Basket Weaving at Thornbury Neighbourhood House.
Stitched Basket Workshop Materials List
Most materials used need to be dried and soaked in water to become flexible. Using materials when green will result in your basket shrinking and becoming loose.
Cordyline or Cabbage Tree
Cordyline is a hardy native of New Zealand and is one of the strongest basketry materials known. When making a stitched basket it is important to have some strength and Cordyline is invaluable. Luckily for us it was planted in many gardens in the 70’s. It is very tough and fibrous and needs to be soaked in water to soften. Gardeners will be happy for you to collect it as it can be messy and gets caught in lawn mowers. I will have some for those who can’t find any but we will need quite a bit so please try to find some. To prepare for weaving Cordyline needs to be soaked in water for at least an hour and then made into fine strips using a sewing needle.
Softer Leaves for Colour and Texture
Other materials that can be incorporated into your basket include, Daffodil leaves, Daylily, New Zealand Flax, Iris leaves, Jacaranda stalks, Pine needles, Red Hot Poker (one of the most beautiful), Sweet Corn husks, Watsonia, Kangaroo Paw, Rushes, Aunt Eliza/ Chasmanthe floribunda, Dracena dragon tree, Gladiolous, Jasmine, Banana and the list could go on! Most of these materials need to be dried and then soaked in water for about 10 minutes. Keep them moist by wrapping them in a towel.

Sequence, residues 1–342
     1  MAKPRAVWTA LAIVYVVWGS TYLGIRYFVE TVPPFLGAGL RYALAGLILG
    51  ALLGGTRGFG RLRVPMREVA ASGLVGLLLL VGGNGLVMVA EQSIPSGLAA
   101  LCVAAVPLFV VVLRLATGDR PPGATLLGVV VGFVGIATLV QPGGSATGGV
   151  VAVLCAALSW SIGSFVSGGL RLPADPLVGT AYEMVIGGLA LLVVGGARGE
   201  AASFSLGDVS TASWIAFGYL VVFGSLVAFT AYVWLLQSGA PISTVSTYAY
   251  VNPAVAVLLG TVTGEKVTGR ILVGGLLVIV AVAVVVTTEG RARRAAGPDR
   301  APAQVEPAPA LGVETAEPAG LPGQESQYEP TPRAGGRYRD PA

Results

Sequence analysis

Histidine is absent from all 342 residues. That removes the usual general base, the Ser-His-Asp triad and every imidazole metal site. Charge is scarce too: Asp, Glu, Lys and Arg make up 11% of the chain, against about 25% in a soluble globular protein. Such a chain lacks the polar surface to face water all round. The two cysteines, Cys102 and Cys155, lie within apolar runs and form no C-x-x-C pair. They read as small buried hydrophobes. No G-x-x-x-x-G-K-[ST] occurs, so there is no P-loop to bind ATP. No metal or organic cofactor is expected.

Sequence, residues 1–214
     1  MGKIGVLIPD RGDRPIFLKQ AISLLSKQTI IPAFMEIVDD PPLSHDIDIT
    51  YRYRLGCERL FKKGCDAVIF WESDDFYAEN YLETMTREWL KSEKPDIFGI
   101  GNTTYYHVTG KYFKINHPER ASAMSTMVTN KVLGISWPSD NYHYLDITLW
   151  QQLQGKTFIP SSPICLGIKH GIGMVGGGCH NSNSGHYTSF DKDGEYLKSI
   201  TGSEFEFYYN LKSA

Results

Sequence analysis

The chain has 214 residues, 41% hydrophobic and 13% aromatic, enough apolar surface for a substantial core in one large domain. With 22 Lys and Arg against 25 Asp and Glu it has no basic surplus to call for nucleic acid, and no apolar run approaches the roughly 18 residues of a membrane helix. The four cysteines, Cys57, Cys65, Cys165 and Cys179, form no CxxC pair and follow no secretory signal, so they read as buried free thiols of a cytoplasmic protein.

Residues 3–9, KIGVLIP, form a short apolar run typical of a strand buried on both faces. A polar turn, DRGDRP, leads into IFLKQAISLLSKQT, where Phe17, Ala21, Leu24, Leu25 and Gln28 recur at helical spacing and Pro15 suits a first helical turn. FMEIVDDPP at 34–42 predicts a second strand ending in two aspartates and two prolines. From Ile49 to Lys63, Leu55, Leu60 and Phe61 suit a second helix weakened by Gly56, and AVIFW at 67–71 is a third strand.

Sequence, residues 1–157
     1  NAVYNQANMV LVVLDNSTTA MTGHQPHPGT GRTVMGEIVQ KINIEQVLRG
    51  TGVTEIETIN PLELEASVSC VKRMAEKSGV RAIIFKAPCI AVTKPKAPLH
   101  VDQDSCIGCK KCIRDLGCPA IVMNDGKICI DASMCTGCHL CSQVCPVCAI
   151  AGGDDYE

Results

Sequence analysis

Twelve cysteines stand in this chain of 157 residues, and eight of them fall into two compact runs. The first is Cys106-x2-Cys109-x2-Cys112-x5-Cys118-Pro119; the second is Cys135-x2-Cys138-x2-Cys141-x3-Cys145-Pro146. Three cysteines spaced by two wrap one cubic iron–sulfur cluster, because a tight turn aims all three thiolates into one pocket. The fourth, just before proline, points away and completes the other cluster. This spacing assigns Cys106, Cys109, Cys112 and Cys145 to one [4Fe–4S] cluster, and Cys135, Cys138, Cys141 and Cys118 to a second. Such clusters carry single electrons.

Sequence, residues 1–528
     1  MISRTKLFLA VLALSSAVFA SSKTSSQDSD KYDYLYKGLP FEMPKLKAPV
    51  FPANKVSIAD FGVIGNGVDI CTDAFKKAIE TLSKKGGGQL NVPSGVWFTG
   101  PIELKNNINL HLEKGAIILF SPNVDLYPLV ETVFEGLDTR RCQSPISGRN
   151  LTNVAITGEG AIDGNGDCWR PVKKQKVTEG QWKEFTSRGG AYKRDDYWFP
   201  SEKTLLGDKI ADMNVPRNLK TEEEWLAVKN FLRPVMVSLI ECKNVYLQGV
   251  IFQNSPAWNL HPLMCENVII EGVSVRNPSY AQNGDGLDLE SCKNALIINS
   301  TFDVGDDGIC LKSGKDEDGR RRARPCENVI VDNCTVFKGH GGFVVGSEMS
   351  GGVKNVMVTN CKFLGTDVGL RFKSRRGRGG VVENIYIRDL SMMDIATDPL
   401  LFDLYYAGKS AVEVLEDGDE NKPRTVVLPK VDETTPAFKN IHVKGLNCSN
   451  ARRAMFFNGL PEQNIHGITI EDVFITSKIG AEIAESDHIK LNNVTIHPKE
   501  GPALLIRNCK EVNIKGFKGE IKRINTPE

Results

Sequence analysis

In Stitched basketry each stitch needs to be pulled tight. Waxed linen or artificial sinew is much loved by basket weavers as it is strong and beautiful to use as the waxing helps to make your stitches stay in place. I will have some for sale at the Basket Weavers of Victoria member’s price $13.00 and $15.00 per reel. This is likely to be the most expensive item you will ever need to buy in making a stitched basket. You can also use wool for a brightly stitched basket this goes very well with raffia. Raffia can also be used and can be dyed in bright colours. I will have plenty of that available on the day. If you would like a brightly coloured basket you can also collect scraps of wool for stitching.
Your hands are the most important tools but you will also need a tapestry needle with a big eye. If possible bring a packet of assorted darning needles. These can be purchased from Spotlight, Lincraft or other craft stores. A spray bottle is also handy to keep materials moist.
I look forward to meeting you all at the workshop. If you have any enquiries about materials please contact me on 0407887099 or email: firstname.lastname@example.org